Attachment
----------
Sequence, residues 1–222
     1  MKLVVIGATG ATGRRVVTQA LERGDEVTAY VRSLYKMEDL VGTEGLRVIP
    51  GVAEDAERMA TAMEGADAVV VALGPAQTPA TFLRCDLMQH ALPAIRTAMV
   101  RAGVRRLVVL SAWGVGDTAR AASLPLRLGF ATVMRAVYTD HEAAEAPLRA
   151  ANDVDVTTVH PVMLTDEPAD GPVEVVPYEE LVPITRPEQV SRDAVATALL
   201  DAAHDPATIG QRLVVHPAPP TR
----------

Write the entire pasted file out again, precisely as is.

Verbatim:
Sequence, residues 1–222
     1  MKLVVIGATG ATGRRVVTQA LERGDEVTAY VRSLYKMEDL VGTEGLRVIP
    51  GVAEDAERMA TAMEGADAVV VALGPAQTPA TFLRCDLMQH ALPAIRTAMV
   101  RAGVRRLVVL SAWGVGDTAR AASLPLRLGF ATVMRAVYTD HEAAEAPLRA
   151  ANDVDVTTVH PVMLTDEPAD GPVEVVPYEE LVPITRPEQV SRDAVATALL
   201  DAAHDPATIG QRLVVHPAPP TR